Tracking traffic

TrafficVision, a division of the Clemson-based start-up company Omnibond, develops software to automatically process video from roadway cameras. Clemson researchers Stan Birchfield, Wayne Sarasua, and Neeraj Kanhere created the initial technology when they discovered that thousands of manually operated cameras along major roadways in the United States were under-used. Meanwhile, state and federal transportation officials and local municipalities needed better real-time information about traffic volume, vehicle type, speed, and density.

The team’s patented technology, licensed through the Clemson University Research Foundation (CURF), builds a background model that adapts to changing light and weather conditions and tracks vehicles over time by comparing their appearance in successive frames. After a presentation at a transportation conference in 2007, the team received invitations to install the technology in Maryland and New York, including the Long Island Expressway. Since then, as transportation officials have become more convinced about the benefits of using TrafficVision, the technology has been installed in numerous U.S. locations.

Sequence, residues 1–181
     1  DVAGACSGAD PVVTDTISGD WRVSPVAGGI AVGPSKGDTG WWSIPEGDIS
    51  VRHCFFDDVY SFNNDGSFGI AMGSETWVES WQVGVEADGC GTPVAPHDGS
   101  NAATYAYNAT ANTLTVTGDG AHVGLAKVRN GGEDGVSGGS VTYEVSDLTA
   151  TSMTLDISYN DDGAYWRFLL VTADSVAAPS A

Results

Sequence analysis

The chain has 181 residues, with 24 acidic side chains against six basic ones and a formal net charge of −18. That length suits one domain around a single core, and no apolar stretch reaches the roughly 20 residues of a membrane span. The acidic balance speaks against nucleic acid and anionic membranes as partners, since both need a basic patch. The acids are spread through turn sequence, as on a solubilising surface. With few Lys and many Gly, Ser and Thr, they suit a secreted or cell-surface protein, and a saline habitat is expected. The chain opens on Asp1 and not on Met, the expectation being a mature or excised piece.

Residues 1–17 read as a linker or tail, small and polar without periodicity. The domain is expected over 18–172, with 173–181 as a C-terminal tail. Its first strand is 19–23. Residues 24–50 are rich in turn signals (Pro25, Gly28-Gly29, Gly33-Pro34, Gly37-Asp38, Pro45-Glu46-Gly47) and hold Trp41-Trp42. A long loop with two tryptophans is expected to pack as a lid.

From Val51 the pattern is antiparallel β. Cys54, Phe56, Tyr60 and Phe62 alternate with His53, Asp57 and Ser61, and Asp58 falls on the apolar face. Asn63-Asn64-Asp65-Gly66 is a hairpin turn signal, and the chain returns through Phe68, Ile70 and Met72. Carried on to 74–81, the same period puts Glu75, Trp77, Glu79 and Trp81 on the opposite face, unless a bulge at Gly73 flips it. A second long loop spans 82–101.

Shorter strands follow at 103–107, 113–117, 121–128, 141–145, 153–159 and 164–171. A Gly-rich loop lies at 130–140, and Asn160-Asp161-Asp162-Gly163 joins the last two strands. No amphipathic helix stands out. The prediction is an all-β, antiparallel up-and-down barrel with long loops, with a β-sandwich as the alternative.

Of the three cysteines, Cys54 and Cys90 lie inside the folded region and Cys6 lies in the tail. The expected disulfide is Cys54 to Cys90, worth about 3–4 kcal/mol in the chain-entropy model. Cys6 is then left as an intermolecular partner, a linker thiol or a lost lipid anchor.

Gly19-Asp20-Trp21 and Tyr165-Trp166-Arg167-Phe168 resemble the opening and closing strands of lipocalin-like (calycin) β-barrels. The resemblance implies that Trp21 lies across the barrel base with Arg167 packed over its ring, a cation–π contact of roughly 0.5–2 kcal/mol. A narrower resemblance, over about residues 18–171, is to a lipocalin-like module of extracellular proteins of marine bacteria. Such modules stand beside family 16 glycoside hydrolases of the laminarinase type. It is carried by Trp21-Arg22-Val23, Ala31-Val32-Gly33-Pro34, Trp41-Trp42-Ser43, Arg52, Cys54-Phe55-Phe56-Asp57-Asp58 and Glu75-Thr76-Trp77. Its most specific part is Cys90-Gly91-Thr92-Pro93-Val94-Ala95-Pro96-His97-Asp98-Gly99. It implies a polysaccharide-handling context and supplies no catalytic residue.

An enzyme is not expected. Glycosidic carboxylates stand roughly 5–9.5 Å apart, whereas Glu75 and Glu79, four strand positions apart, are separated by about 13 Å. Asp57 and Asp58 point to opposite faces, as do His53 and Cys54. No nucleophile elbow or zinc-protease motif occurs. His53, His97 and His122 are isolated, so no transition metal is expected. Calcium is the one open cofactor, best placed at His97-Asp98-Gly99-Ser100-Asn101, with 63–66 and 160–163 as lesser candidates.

For more information, go to TrafficVision.

 

Twelve years ago, four Clemson faculty members got together and decided to create some new materials. They didn’t set out to start a business, hire a work force, or establish a brand.

“We thought about the obesity problem,” Muth says. “They have pedometers to track steps. What if we had something to track bites?”

 


 

The team’s patented technology builds a background model that adapts to changing light and weather conditions and tracks vehicles over time by comparing their appearance in successive frames.

Over the past two decades, more than seventeen spin-off companies have licensed Clemson University technologies, and many of these companies have been established near Clemson.

 

 

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